Charli Mills says, “If you have an interest in learning in-depth analysis and how to use it for revision, I invite you to read the comments (including my teaching points for the process of revision). For the purpose of this week’s challenge, you can read the short story “As Far as a Prisoner Can Go.” Your task is to tell the same story but differently. That may sound ambiguous, but it’s what we writers do. All the stories have already been told. Not all the storytellers have yet told them in their own style, voice, genre, tone, or perspective. Take all the liberties you want! Improve it. Wreck it. SciFi it. Romance it. Darken it. Tickle it. Make the story your own.”


“Sergeant Jan Mathers? It’s good to meet you.”

“Same here.”

I reached out with my one good arm and shook his hand. For a newly released inmate, John Tyler held himself confidently. Sunny, my support dog, whined at my side.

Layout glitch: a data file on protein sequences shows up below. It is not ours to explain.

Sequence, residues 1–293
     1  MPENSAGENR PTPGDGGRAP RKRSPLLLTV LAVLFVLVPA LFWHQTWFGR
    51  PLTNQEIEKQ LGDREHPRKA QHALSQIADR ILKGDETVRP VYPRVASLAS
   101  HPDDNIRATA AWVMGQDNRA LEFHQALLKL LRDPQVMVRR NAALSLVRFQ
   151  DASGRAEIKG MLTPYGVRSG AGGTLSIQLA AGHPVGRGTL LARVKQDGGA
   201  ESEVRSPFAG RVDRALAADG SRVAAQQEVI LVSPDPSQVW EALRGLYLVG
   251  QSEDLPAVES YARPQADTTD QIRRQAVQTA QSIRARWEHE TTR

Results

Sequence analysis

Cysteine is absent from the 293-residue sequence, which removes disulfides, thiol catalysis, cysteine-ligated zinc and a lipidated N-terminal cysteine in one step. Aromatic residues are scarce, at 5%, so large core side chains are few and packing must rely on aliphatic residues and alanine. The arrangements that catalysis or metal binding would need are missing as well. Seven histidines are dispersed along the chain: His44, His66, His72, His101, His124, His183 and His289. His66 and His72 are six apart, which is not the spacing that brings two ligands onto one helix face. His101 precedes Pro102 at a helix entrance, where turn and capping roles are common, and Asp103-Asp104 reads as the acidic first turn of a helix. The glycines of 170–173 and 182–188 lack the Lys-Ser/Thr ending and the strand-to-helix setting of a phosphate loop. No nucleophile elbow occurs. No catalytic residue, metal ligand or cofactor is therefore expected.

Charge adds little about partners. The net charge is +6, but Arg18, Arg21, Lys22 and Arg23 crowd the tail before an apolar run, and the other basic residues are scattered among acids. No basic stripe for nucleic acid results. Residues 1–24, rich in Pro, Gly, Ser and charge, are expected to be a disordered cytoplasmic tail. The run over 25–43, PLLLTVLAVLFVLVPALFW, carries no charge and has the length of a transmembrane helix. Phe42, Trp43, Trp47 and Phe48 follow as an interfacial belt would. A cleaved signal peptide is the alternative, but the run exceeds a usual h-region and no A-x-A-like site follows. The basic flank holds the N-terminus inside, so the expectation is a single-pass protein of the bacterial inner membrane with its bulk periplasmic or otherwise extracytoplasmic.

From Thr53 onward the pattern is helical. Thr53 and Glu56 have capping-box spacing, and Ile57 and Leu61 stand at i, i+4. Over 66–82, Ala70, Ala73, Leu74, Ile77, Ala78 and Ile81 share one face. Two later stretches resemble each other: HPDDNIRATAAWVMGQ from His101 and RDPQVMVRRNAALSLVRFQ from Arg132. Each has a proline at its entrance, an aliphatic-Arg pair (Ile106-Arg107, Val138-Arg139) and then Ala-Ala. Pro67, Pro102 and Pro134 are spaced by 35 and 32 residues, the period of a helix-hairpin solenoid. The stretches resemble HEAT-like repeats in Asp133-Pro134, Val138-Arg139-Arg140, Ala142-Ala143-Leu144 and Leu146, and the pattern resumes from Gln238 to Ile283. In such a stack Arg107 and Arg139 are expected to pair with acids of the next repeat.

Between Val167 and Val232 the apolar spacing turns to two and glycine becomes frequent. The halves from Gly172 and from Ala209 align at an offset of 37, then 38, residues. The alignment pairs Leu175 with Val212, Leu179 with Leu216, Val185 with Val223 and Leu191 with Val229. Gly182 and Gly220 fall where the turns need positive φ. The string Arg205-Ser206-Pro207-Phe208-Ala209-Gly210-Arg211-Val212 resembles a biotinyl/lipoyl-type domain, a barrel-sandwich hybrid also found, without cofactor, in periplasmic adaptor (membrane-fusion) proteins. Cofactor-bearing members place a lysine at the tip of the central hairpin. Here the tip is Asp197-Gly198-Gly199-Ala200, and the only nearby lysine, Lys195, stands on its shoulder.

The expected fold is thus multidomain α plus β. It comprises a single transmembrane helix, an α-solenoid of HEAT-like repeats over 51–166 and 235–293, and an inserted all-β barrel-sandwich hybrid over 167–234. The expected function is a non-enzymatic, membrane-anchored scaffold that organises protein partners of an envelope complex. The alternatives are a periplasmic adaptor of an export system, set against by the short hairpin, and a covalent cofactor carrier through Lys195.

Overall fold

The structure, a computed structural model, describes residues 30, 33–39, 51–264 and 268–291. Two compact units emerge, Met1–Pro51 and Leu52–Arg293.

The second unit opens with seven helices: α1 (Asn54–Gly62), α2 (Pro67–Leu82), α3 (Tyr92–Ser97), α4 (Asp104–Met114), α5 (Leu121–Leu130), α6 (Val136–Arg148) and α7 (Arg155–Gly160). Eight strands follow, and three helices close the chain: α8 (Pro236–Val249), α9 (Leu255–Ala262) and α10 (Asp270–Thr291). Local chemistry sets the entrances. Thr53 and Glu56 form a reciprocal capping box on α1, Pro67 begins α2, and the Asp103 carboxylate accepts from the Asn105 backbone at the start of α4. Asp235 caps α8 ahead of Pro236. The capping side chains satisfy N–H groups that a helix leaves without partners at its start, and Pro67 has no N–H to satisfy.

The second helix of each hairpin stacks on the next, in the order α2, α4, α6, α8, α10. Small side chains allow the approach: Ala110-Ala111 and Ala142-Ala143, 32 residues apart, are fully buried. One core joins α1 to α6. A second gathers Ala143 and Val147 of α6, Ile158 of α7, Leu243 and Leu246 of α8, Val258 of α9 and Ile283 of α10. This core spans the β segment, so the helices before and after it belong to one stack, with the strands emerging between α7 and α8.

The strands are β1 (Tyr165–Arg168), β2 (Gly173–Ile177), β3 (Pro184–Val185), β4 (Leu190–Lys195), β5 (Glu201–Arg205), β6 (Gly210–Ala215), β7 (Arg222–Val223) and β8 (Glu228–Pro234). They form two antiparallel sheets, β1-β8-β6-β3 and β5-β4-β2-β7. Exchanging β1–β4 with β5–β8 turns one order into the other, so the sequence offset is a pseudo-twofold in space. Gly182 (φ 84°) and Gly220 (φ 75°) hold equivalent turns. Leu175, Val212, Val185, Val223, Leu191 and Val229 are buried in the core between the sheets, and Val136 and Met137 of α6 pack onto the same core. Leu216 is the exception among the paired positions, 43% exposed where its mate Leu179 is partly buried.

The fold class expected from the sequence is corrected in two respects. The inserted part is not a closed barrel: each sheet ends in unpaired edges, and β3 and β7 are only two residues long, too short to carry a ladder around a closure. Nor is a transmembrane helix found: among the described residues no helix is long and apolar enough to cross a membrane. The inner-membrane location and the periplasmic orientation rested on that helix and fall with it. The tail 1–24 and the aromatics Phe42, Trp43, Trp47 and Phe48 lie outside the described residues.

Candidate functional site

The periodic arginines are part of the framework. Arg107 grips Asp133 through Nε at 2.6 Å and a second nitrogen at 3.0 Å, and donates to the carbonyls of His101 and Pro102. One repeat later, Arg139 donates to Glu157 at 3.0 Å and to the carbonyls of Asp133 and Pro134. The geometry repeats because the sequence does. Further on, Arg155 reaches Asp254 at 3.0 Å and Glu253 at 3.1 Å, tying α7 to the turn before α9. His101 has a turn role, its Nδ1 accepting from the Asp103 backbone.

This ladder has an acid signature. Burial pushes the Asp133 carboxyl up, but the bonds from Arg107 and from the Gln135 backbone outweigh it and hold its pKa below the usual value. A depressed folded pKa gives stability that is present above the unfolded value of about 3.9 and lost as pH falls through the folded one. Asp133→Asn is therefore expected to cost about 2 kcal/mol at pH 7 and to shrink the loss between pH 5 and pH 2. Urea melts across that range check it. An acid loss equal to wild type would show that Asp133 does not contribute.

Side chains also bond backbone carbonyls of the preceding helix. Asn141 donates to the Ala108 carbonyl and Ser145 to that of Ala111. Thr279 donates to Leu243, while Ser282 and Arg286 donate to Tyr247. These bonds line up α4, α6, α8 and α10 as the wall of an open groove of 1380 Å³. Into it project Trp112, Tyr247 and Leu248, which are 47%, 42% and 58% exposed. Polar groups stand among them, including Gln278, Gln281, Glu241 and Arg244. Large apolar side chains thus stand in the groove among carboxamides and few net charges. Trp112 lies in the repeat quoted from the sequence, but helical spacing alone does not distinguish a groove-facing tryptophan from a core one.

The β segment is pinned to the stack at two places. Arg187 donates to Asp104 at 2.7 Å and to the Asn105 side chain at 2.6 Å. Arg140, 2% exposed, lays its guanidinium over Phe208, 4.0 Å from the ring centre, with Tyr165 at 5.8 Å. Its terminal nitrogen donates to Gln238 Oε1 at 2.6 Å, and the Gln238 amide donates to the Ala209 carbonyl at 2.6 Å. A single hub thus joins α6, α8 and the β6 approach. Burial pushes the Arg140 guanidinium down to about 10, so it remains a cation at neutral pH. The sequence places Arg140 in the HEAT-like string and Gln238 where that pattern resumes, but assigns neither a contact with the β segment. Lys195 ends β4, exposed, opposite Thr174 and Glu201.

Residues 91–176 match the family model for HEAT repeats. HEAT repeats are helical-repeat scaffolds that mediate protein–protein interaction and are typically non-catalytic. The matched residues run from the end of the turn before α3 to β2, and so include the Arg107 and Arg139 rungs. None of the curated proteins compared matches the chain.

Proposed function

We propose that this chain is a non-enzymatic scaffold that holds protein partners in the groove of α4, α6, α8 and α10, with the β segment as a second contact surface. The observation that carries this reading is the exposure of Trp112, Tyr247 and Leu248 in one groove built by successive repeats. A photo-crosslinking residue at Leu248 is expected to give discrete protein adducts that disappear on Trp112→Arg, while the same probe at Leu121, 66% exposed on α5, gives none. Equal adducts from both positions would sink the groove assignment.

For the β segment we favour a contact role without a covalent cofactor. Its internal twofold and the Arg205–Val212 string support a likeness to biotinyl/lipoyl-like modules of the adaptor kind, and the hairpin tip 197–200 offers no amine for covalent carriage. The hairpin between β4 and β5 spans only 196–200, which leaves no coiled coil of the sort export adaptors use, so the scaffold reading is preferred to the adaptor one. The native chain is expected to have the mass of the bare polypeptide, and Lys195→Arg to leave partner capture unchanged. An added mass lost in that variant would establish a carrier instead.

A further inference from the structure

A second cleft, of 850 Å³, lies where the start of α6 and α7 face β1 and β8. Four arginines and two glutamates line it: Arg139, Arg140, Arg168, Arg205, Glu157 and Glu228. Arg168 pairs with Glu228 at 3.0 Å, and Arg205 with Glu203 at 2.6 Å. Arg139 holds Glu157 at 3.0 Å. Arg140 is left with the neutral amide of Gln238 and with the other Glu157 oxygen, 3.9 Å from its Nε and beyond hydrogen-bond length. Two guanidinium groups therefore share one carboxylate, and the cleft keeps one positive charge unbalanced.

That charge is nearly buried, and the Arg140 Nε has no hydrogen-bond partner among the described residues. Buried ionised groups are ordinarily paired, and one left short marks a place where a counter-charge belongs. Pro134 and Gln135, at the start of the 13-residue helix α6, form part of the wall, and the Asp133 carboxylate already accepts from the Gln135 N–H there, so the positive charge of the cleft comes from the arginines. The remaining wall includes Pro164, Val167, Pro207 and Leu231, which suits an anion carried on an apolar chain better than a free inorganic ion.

“It’s okay girl, you remember him, don’t you?”

Tyler locked eyes with the golden lab.

“After Iraq, I never thought I needed help, but I’d lost more than just an arm. I’m thankful you trained her. She saved my life.”

Tyler grinned. “She saved my life, too.”

“You start at the pound Monday, Tyler. Don’t be late.”

“Yes ma’am.”


If you’re interested in the getting feedback on your writing, I’d like to suggest following Marsha Ingrao’s blog: Story Chat HERE.

Write On!

My Image of Mom, #99Word Stories

The Carrot Ranch.com May 9, 2022, prompt: In 99 words (no more, no less), write a mom selfie — a story that creates an image of a mom. No one mom looks alike or fits a maternal mold. Who is she? Go where the prompt leads!